The video begins with the sleepy rapper waking up to the voice of Rakhmon on a television set.
The president announces that young people are the future of Tajikistan and urges them to prove that they love the country by taking ownership of that future.
Visibly moved by Rakhmon's words, Boron starts rapping. His lyrics are full of references to familiar nationalist themes.
He sings, for example, about the tragedy of the “coarse division” (taqsimoti tabarona) of Central Asia in the 1920s that left Bukhara and Samarkand outside of the new Tajik republic.
This was followed by another tragedy, a civil war that was provoked, according to the rapper, by unnamed “third forces”.
These tragedies, however, did not break the Tajik nation.
Boron suggests that the sixteenth session of the Supreme Assembly in 1992 (when Rakhmon came to power) gave the country its “Leader of the Nation, grandpa Emomali”, who put an end to the fighting, brought home refugees, and created a peaceful and prosperous country.
The lyrics are accompanied by footage showing the president kickstarting major infrastructure projects and unveiling monuments to national heroes, as well as surviving an assassination attempt.
The video echoes government messaging so closely that it has become one of the few rap tracks to make it onto state-owned television so far.
In April 2016, the video was aired on government-run TV Safina.
Another widely shared rap song is simply titled Emomali Rakhmon by Professor M.
The track was apparently recorded just before the 2013 presidential elections, however, it has only become popular in recent months when pro-government youth groups began sharing it widely on social networks.
The track begins with the rapper reminding his listeners that Rakhmon is a “national hero” who had done a lot of great things before most of them could even speak.
Then, the track turns to history, beginning as the national historical narrative begins with the Samanid dynasty.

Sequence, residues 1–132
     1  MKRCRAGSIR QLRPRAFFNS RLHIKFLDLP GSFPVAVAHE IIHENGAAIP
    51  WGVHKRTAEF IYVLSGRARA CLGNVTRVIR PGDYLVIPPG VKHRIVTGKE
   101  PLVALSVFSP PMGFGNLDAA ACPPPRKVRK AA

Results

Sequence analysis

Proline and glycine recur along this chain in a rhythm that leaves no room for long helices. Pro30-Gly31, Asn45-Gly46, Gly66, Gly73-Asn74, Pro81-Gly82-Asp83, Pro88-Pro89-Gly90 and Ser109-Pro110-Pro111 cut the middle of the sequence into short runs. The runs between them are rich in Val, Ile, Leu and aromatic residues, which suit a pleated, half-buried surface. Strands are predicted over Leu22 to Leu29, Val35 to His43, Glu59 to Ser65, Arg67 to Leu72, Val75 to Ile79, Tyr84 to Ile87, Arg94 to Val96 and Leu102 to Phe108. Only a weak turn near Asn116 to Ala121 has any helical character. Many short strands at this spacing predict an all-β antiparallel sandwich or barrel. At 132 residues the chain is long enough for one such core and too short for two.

After the Samanid empire, the first-ever Tajik state according to the country's historians, the rapper notes Tajiks had to endure centuries of “torture” by “alien” rulers, culminating in the Soviet period that deprived them of their history and religion.
But, according to the rapper, God saved the Tajik people in the midst of a civil war by sending them Emomali Rakhmon who has become a “sun” shining onto the nation (a comparison that is rather popular in the country).
The singer, then, lists the “sunny” leader's achievements in service of the nation: building hydro-power plants, roads and tunnels, and, in what may be a surprise claim to some observers of the country, democracy.
The lyrics are repeatedly broken up by a catchy and somewhat ironic chorus, “I Choose Emomali Rahmon”.
In fact the new slew of rap songs in Tajikistan is remarkable for its dogged devotion to a very narrow range of themes.
Rain 104 in Tajikistan claims that the country with all its historical and cultural heritage would not have recovered from the civil war without Rakhmon.
In Tojikiston dorem (We have Tajikistan), Mr. Skap refers to him as the “best king” who deeply cares about young people.
Sektor 4 also confers a royal status on Rakhmon in his song, which once again is titled Tajikistan.
It may take a little longer to find out whether this massive injection of patriotism will help local rap music win full approval from the state, but authorities will no doubt be pleased that these rhymers are moving in the right direction.